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Do you need to constantly create new content?

Look, I'm a content creator by career and choice. So I need to constantly create new content for myself and for my clients. When I say "need" I mean it's a physical pull to create that I feel, not a requirement the universe has imposed on me.

So before you read on, are you a content creator or is content creation your side hustle to promote your mainstream hustle?

If you're the former, yes you probably do need to be creating new content every day. It should be second nature to professional content marketers like me, to the point that it's not a chore.

However, if you need to create content to market your main job, you have options:

  • Lean into the everything-is-content mentality

  • Contract someone else to do it for you

  • A combination of the two: outsource the parts you don't enjoy

To avoid constantly creating new content, do these 5 things well.

Not every person in the public eye needs to constantly create new content, but it helps. Whatever your answer to the question above, I'll tell you what you do need.

1. Clichés exist for a reason: Quality over quantity

If you spend even half the time I do on LinkedIn, you'll agree that the pressure to churn out fresh content is immense. There is a benefit to being present wherever your audience is, more on that here. However, focusing on quality content is more important than sheer quantity.

Advice I give to clients: Make as much as you can, until quality starts to slip.

Writer browses social media on her phone

2. Never assume novelty is better

New is novel, but novel does not always lead to sales. And let's be honest, if you're taking the time to read this, and learn how to command your own content marketing, you're interested in sales, not likes, comments, and engagement metrics. For small business owners grappling to forge a brand, novelty can come in the form of a hot take, an unusual solution, or advice that differs from the mainstream. It doesn't have to be a new format or freshly recorded content.

Advice I give to clients: Prioritise creating content that says something unique to you, whether it's new or a repurposed gem from your archives.

On that note...

3. Repurpose only your best content

You'll have heard "gurus" talking about content repurposing as though it is a golden ticket to endless content. And it is indeed a strategy to maximise your content reach but, like any other tactic, poor implementation only leads to disappointment. Be careful not to fall into common repurposing traps.

Repurpose existing content alongside creating new material to save time and effort while maintaining a valuable content stream.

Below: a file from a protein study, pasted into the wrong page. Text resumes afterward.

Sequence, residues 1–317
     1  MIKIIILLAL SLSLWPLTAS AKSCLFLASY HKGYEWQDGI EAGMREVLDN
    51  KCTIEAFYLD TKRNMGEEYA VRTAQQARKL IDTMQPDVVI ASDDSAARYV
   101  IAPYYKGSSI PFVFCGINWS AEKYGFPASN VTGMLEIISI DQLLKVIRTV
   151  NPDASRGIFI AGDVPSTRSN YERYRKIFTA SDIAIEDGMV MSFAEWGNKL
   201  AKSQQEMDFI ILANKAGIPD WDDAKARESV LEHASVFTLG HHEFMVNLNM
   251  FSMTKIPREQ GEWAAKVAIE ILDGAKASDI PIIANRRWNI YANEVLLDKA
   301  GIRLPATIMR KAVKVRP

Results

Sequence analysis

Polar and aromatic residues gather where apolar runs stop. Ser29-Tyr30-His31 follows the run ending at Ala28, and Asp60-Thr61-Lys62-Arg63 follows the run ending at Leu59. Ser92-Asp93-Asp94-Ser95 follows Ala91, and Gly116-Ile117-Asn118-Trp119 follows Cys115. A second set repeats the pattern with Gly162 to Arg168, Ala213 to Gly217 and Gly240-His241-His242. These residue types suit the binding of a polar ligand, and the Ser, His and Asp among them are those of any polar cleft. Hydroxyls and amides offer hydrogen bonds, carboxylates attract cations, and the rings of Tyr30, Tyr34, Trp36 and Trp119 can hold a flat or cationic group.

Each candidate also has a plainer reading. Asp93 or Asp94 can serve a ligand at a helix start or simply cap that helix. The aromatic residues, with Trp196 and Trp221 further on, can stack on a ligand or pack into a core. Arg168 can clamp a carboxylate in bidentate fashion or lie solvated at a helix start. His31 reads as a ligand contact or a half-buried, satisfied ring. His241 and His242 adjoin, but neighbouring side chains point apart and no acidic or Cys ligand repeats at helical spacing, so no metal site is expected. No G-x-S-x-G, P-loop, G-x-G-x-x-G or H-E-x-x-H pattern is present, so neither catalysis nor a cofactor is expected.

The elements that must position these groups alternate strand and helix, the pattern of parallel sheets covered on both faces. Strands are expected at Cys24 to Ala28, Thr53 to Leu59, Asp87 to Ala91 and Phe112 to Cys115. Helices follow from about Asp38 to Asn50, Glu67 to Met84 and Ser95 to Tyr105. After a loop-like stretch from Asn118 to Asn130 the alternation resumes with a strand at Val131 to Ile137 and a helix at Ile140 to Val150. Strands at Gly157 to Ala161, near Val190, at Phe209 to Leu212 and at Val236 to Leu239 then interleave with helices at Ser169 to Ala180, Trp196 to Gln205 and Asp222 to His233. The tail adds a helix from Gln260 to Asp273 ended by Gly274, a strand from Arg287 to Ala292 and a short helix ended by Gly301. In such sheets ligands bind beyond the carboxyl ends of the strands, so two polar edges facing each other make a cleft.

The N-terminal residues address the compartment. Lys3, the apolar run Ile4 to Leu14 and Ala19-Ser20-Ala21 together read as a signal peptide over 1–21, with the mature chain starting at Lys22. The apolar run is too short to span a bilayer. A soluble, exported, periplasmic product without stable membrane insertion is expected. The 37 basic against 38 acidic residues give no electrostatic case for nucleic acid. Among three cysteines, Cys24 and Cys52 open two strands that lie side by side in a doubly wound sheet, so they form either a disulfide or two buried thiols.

Advice I give to clients: Reformat your best content according to reach and conversations. If it was a blog, make it a video, if it was a social post, make an eBook.

4. Consistency is more important than frequency

This is my personal opinion because I've seen it work for myself and for clients. Consistently delivering content builds familiarity and trust with your audience, even if it's not daily updates.

Some of my clients see results after 30 days of posting but others will need to warm up their audience for 30 months. This depends more on your niche than your effectiveness. However, if you consistently share the same principles and value of content, you'll be top-of-mind when they are in the market for your service.

Advice I give to my clients: Commit to minimum 3 months of any strategy; budget for 6 before you throw the toys out of the pram.

A writer creates content on a white desk with a wooden keyboard

5. Impress with your relatability, not seniority

I recently spoke to an audience wanting to learn how to write for LinkedIn about how to generate real engagement and an audience. When speaking publicly — at events, on social media, or in meetings — your objective is not to impress with your seniority but your relatability.

Think of the new hire that starts by listing the awards they've won or big names they've been employed by. Do they come off as likeable? Are you intrigued to know more? I can impress people by saying I've worked at IKEA but is it impressive that I was in logistics if the job I'm going for is Marketing Director? Xactly.

Advice I give to clients: Do not explicitly praise yourself. Let others do that for you in the comments, replies, or reshares.

Keen to outsource the parts of content creation that take precious time away from your main talent? Browse some of our services:



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